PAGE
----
A developer established a probability of prevailing on its claims for malicious prosecution where the evidence showed that the neighboring owner lacked probable cause for pursuing CEQA litigation and acted with malice. Dunning v. Johnson, 64 Cal. App. 5th 156 (2021).

Clews Horse Ranch sued to challenge a decision by the City of San Diego to approve Cal Coast’s construction of a private secondary school adjacent to its commercial horse ranch and equestrian facility. Clews claimed the city’s use of a mitigated negative declaration instead of an EIR violated CEQA because the project would have significant impacts on historical resources, fire hazards, noise, and transportation and traffic. The trial court denied the petition and the court of appeal affirmed, concluding that Clews failed to show there was substantial evidence supporting a fair argument that the project may have a significant effect on the environment.

In the ensuing malicious prosecution action filed by Cal Coast against Clews and its attorneys, the defendants filed an anti-SLAPP motion contending that Cal Coast failed to make a prima facie showing that the defendants pursued the CEQA litigation without probable cause and with malice.

The court of appeal upheld the denial of the anti-SLAPP motion, finding that defendants did not have probable cause for pursuing at least one of their CEQA claims—namely that an EIR was necessary to assess the project’s noise impacts. Under CEQA, the question is whether a project will affect the environment of persons in general, not particular persons, and the only evidence in the record concerning noise levels related to the expected impact on the operation of Clews Horse Ranch. The court rejected defendants’ claim that project noise would adversely affect the surrounding community in general, finding that the cited evidence consisted of speculative and generalized warnings that did not constitute substantial evidence.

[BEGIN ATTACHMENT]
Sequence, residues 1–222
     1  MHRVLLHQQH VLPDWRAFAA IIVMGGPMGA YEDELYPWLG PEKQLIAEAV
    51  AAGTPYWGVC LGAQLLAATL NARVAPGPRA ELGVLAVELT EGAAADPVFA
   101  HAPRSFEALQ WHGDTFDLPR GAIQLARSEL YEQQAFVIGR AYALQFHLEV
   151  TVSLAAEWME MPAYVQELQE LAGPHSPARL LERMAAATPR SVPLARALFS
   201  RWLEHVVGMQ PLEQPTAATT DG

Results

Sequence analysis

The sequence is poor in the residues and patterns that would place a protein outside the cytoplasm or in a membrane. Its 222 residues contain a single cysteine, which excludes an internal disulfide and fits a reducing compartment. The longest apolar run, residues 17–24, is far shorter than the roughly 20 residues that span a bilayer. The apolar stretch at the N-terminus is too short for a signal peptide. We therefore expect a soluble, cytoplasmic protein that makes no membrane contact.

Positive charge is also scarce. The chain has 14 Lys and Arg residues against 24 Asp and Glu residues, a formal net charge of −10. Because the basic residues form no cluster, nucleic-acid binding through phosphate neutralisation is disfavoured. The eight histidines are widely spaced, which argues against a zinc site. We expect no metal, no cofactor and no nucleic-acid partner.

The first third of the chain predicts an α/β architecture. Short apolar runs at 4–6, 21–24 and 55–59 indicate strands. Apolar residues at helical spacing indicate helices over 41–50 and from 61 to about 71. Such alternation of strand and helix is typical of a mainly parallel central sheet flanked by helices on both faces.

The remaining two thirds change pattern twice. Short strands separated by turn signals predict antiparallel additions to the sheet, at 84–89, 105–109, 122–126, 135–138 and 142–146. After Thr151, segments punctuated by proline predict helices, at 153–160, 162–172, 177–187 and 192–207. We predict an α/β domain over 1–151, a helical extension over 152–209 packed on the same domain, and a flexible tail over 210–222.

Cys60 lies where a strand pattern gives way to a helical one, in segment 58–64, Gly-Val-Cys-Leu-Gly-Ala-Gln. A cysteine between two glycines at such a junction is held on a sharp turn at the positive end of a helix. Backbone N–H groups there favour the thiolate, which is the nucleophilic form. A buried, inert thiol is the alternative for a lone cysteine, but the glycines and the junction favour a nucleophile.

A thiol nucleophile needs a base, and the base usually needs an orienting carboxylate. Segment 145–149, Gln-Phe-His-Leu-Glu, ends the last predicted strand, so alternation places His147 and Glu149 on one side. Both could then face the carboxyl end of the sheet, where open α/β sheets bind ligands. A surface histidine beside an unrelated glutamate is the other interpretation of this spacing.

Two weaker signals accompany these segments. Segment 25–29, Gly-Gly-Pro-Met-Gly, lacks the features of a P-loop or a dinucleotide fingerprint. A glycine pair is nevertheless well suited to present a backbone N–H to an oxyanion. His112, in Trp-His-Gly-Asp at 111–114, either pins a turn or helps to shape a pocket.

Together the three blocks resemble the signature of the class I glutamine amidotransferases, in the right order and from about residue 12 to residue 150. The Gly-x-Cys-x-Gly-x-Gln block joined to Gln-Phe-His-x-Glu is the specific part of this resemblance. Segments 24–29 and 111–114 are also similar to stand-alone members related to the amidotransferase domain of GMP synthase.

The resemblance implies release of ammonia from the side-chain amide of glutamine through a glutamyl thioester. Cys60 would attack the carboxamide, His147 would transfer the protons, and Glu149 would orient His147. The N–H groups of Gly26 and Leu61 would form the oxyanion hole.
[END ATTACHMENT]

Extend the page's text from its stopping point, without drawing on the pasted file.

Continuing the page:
The court also found that there “clearly [was] sufficient evidence from which it can be found that Clews Horse Ranch pursued the CEQA Litigation with malice,” an essential element of a malicious prosecution claim. The evidence showed that Clews consistently and aggressively opposed any use and development on the project site. Clews harassed prior owners of the site, restricted prior owner’s access to the property, and “deployed hostile and spiteful behaviors to dissuade site owners from developing their land.” This evidence and reasonable inferences from it constituted a prima facie showing that Clews harbored similar improper motives when pursuing the CEQA litigation.

On the other hand, the evidence did not support a determination that Clews’ attorneys likewise acted with malice. Clews’ improper motives in pursuing the CEQA litigation could not be imputed to the attorneys, and the demonstrated lack of probable cause in bringing the litigation was insufficient by itself to establish malice.